Dungeons & Dragons And The Death Of Honor – OpEd
Hollywood has a new hit, an adaptation of the role-playing game where the medieval virtues of physical courage, sacrifice, and protection of the weak are turned on their head to make a mockery of the traditional male hero. The question is, in service of what?
By Titus Techera*
The most popular entertainment for boys not yet overtaken by the miserable ideology of our times is the tabletop game Dungeons & Dragons, a source of friendship and adventure. It became a part of pop culture with Stranger Things recently but turned out to be of little importance to that show. Now there’s a new attempt to turn the game to blockbuster profit with the movie Dungeons & Dragons: Honor Among Thieves.
Despite a name that broadcasts its pointlessness, the movie is a success, perhaps because of its sophomoric humor. It’s coming after an absence of such comedies in theaters, as well as movies for kids. It can even become a franchise. Unfortunately, it’s one of these stories where every male character is reprehensible or pathetic, an object of mockery, and the females are amazing, for good and evil both. (Except, of course, for one non-white male character, who is above reproach, to signal to an otherwise easily offended audience that the protagonists are morally acceptable.)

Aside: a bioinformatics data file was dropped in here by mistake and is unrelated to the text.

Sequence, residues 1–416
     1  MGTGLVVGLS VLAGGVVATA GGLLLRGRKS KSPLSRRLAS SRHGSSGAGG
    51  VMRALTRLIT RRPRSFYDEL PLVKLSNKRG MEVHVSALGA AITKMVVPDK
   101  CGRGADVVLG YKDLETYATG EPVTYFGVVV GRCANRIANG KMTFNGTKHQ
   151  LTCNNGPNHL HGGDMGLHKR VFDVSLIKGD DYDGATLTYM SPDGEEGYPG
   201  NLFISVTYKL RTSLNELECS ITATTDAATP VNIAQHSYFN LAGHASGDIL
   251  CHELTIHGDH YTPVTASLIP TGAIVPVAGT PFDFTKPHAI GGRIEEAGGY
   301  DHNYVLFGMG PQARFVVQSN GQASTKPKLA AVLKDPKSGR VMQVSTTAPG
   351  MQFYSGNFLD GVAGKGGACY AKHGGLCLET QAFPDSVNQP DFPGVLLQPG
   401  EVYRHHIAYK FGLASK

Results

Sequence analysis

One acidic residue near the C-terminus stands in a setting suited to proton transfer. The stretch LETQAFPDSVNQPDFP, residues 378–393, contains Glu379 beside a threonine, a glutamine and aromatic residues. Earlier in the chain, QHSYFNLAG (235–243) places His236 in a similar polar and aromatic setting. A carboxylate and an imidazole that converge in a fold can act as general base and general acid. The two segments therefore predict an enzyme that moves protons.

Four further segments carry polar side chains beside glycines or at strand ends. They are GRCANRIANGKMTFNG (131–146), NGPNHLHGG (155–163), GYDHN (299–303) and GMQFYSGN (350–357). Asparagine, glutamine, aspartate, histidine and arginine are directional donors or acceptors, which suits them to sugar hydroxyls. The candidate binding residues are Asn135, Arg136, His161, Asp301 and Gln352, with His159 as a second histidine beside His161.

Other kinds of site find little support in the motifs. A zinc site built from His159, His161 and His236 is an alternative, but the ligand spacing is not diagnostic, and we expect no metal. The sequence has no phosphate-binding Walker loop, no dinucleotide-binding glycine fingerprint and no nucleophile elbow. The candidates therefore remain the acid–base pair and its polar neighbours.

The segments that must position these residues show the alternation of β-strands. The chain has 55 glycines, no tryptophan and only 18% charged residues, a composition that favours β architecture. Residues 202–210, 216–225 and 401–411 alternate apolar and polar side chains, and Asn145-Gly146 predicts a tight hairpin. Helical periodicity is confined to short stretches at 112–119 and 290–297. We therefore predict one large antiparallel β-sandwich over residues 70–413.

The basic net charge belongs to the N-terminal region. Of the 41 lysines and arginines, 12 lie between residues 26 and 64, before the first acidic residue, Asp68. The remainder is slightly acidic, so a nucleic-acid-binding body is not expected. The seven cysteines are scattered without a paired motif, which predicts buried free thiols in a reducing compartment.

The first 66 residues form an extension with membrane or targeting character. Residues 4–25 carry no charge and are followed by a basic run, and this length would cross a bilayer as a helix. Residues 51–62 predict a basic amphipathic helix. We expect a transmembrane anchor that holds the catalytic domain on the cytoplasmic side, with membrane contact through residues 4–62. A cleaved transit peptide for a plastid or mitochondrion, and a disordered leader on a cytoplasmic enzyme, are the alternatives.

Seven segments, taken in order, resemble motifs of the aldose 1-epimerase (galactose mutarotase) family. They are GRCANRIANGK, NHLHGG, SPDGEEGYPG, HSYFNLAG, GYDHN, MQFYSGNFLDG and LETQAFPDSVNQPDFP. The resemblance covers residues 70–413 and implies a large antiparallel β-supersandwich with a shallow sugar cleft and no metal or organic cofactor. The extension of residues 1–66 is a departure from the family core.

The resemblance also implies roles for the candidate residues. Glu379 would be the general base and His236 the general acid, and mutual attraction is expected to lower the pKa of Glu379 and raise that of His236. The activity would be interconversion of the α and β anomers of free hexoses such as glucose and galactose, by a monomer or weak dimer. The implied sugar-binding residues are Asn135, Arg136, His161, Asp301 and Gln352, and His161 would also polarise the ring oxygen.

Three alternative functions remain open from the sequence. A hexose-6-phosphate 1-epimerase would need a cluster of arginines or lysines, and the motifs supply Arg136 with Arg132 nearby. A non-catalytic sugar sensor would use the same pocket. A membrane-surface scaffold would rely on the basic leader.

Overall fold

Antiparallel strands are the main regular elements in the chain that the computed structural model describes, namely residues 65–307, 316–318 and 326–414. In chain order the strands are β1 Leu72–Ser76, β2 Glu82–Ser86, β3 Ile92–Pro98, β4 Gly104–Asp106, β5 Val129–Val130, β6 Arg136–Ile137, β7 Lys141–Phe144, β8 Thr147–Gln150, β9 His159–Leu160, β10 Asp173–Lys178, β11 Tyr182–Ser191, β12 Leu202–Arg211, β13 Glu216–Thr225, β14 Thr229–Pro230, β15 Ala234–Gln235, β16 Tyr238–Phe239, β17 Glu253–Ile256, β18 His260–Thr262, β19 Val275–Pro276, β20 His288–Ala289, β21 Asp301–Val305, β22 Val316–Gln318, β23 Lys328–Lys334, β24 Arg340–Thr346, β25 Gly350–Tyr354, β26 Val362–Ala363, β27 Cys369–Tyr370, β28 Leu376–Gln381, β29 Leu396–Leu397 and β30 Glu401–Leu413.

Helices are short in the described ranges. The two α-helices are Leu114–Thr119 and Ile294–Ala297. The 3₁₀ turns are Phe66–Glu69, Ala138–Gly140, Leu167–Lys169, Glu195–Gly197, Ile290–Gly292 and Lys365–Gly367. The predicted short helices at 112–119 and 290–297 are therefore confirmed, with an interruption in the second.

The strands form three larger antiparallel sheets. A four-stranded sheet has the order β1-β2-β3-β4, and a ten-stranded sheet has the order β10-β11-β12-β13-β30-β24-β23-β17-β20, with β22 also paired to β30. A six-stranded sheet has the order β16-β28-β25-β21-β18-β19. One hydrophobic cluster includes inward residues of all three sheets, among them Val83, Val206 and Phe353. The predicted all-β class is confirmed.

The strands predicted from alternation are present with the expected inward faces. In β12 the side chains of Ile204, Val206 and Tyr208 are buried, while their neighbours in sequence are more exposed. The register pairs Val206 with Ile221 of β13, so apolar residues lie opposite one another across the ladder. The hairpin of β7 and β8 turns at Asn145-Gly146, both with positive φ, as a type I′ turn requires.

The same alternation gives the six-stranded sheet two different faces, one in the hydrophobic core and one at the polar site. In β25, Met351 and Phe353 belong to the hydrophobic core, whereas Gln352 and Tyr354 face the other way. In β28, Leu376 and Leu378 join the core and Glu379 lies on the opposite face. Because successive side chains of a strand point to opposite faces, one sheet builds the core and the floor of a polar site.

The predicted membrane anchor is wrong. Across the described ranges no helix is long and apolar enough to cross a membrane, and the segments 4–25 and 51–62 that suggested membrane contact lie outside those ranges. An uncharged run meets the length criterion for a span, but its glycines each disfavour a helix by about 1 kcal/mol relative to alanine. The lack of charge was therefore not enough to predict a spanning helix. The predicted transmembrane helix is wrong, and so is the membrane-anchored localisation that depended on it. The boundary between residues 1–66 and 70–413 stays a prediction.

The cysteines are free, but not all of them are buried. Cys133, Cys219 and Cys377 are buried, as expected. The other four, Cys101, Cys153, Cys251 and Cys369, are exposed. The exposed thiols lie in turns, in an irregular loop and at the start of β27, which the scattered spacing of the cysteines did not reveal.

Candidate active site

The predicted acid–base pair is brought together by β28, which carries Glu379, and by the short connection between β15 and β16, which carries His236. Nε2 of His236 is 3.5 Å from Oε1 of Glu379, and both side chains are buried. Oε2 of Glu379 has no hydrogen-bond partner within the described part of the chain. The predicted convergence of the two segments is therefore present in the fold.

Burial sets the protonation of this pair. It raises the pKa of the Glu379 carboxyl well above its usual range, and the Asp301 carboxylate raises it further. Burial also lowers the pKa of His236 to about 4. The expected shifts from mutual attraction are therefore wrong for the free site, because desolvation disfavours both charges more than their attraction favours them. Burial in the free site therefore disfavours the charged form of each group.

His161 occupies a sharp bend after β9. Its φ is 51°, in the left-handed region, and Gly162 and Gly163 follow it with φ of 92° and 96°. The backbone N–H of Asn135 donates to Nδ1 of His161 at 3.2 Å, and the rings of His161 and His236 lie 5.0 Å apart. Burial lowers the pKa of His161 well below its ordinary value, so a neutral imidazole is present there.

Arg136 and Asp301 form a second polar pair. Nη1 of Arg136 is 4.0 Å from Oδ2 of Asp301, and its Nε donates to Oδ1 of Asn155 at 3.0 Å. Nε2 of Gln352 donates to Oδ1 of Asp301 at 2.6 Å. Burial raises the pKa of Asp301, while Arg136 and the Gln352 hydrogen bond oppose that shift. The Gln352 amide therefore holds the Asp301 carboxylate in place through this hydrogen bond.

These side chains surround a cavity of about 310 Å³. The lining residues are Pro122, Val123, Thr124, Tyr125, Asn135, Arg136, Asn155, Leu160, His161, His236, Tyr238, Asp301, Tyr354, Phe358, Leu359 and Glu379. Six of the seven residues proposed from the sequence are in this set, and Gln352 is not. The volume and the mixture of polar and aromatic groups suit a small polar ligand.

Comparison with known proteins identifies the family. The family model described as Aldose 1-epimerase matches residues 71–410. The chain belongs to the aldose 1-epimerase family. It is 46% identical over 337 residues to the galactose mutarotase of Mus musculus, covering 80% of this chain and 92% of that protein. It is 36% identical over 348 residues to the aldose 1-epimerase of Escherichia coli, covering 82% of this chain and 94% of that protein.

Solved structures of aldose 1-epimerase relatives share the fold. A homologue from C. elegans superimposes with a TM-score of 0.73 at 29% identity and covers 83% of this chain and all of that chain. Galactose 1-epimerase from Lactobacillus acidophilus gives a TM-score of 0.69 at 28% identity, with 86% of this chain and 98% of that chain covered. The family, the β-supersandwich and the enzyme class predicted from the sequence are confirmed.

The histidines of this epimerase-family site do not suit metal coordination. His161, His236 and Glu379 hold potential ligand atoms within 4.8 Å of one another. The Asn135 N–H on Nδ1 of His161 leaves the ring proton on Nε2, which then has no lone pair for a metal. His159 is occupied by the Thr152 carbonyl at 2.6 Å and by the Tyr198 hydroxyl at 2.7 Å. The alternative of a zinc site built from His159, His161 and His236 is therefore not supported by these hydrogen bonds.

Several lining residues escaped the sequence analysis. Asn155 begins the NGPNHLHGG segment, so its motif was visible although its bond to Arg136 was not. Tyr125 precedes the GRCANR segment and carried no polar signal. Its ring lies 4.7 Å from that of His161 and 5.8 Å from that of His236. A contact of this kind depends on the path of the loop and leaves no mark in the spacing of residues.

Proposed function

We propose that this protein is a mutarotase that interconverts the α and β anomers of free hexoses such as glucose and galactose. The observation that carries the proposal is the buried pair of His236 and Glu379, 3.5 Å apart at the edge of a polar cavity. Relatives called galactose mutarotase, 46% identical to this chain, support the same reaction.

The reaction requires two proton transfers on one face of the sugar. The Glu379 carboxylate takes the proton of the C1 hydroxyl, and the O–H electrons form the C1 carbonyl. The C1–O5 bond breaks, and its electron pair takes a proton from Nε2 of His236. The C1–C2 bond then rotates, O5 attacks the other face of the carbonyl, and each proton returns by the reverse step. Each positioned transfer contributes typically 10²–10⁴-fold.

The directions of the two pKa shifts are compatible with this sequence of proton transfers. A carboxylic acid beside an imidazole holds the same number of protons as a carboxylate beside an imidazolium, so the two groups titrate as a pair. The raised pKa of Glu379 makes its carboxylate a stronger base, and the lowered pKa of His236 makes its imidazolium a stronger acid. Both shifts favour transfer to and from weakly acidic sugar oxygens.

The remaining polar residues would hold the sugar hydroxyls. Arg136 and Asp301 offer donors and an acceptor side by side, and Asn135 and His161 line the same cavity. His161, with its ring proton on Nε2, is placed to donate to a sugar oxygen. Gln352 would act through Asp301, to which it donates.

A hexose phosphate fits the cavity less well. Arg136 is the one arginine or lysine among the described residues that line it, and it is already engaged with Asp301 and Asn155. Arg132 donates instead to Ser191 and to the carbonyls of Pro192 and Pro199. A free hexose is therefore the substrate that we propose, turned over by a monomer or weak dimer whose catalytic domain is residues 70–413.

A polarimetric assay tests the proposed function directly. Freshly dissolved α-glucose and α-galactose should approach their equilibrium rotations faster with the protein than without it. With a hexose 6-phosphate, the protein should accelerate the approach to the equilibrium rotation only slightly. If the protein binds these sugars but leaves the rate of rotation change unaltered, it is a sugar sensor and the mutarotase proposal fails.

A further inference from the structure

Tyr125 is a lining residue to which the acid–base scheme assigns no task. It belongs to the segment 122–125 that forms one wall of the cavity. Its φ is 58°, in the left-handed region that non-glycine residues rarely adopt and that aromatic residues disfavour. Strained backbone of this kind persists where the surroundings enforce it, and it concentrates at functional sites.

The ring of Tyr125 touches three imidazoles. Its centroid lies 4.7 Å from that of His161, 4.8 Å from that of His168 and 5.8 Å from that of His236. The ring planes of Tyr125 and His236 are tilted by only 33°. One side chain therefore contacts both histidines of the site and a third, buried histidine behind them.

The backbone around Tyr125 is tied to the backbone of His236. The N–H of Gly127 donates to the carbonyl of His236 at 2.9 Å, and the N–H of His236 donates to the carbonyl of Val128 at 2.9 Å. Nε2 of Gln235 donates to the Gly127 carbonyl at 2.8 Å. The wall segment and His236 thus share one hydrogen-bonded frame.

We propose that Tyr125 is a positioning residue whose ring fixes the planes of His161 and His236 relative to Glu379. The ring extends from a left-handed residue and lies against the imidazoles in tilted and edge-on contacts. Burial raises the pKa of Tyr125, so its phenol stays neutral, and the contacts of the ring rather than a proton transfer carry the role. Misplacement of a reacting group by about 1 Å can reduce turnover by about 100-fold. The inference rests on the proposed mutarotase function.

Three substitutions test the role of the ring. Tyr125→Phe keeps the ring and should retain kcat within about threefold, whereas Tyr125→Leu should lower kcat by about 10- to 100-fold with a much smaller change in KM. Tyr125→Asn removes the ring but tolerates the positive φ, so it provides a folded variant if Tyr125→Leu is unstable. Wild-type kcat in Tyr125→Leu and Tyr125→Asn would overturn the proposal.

Speaking of protagonists, our leading man is Chris Pine, one of the many Chrises who flourished in Hollywood a dozen years back or so who have failed to attract the attention of a talented director and cannot hope to do anything but Marvel or Star Trek movies. He plays a bard with a story of a dead wife and lost daughter with whom he wishes to be reunited. Said daughter is in the hands of a former fellow thief, now self-promoted to ruler and antagonist. The bard, to save her, assembles a party and sets on a quest.